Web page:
. . .



As if all his legal and financial troubles weren’t enough, last week showed President Biden making a strong comeback in recent polling, including a 10-point lead in Pennsylvania. No one wants to be in Donald Trump’s shoes, even more so now.

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Hamas attack survivor tries ‘to fix the things broken inside’


(NewsNation) —  It was supposed to be a concert to celebrate peace and goodwill. But that festival in an Israeli desert on October 7, 2023, turned into a nightmare when Hamas militants attacked.

Dor Kapah was among those who escaped – at least escape the violence of that day. The days since then are something else.

“Every day is like you’re born again. You’re trying to manage yourself … your temper and also your emotions about it after you lost so many friends.”

He tells “NewsNation Prime” it was akin to an apocalypse, but he managed to avoid the panicked traffic jams and escape via the open field where so many others were killed.

Not only the roads, but the mobile phone channels were jammed, he says, making it impossible to reach help. He says there was no time to think in the moment, just try to escape.

Kapah says some of his friends remain hostages, but “a lot of my friends didn’t come back that day.”

As for dealing with what he felt and saw: “We just want to run … find a quiet place to fix the things broken inside me.”


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Cartel feud at Mexico’s southern border placing migrants and civilians in jeopardy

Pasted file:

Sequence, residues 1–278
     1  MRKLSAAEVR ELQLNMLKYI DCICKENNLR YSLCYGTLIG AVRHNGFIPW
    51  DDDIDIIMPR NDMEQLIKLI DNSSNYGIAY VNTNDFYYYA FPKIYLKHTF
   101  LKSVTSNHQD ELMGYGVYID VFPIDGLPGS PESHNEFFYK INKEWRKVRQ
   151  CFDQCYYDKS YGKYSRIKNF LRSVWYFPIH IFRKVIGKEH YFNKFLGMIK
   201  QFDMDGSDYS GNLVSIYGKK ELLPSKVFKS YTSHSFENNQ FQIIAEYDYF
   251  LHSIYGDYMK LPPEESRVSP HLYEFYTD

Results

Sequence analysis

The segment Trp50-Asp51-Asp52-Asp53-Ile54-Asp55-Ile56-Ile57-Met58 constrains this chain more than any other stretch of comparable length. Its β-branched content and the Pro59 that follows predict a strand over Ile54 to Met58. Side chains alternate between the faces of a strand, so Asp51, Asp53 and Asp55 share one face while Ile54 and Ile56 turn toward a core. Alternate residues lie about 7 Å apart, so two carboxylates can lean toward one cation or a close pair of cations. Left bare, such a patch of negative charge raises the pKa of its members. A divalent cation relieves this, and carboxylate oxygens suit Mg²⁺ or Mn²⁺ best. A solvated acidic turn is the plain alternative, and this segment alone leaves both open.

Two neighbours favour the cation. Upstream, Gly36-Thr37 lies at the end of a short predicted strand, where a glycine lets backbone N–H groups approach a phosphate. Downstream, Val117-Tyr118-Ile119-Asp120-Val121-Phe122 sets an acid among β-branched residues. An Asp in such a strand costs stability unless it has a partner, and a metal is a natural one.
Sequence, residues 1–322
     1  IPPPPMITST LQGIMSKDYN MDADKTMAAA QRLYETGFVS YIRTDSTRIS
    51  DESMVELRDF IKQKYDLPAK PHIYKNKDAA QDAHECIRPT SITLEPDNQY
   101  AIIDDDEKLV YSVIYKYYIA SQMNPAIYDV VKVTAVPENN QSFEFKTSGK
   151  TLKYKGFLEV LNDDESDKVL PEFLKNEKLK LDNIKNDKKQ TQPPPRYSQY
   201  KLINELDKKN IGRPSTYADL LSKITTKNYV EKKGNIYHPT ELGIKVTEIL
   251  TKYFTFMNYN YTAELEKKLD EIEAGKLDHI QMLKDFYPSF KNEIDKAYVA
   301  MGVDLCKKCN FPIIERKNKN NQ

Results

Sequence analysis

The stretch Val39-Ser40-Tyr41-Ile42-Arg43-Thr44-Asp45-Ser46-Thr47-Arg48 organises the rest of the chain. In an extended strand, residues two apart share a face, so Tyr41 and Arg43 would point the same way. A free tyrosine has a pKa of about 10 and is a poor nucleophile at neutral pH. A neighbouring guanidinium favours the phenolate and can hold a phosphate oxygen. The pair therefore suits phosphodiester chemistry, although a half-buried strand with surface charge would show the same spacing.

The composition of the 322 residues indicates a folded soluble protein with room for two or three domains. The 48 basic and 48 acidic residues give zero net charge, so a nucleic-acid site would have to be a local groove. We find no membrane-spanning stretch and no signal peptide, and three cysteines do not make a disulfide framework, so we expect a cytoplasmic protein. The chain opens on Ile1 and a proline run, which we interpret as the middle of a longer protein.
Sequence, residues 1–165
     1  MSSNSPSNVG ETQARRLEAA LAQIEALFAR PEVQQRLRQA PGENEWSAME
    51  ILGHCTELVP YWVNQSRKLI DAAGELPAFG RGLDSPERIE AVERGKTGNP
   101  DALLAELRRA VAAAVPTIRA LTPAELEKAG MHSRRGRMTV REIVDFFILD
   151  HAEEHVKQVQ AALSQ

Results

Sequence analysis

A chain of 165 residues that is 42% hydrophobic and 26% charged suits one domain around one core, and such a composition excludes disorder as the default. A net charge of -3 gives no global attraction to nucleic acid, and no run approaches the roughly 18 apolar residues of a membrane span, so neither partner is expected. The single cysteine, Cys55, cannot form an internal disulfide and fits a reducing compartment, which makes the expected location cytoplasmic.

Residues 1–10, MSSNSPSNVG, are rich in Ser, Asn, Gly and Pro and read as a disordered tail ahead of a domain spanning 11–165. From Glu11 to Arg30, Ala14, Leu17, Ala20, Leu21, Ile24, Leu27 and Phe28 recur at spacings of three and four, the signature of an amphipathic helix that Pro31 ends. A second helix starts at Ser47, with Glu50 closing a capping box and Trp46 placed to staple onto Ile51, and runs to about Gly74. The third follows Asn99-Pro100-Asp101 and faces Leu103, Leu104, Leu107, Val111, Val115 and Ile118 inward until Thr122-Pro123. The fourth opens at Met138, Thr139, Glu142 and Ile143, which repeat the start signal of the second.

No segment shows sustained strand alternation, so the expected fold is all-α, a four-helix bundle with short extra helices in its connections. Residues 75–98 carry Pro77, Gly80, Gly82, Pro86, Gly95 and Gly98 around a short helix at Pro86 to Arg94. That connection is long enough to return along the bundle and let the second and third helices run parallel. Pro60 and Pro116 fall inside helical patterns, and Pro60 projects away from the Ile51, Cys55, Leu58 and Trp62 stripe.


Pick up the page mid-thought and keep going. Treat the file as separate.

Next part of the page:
EL PASO, Texas (Border Report) – Two recent mass-casualty events illustrate the year-old feud between two Mexican drug cartels for control of the Guatemalan border that continues to claim lives and endanger migrants on their way to the U.S.

On Sunday, members of a group calling itself Cartel de Chiapas y Guatemala (CCYG) tore into a farming community near the town of La Concordia. Mexico’s Ministry of Public Safety on Wednesday said five people were shot dead and 21 vehicles torched.

Hours later, the gunmen fired at Mexican National Guard troops at a second site near the town. The shootout left five gunmen dead and resulted in the arrest of 13 Guatemalan nationals, the ministry said. Twenty-one AK-47-style rifles were seized.

A day earlier, the neighboring Oaxaca Attorney General’s Office confirmed the drowning of eight Chinese nationals who placed their lives in the hands of smugglers to avoid apprehension in Chiapas. The bodies of seven women and one man washed up on a beach called Playa Vicente.

Scott Stewart, vice president of intelligence for TorchStone, a global security firm, said two major drug cartels are at war for control of drug routes, migrant smuggling, extortion, and other illicit activities at Mexico’s “other border.”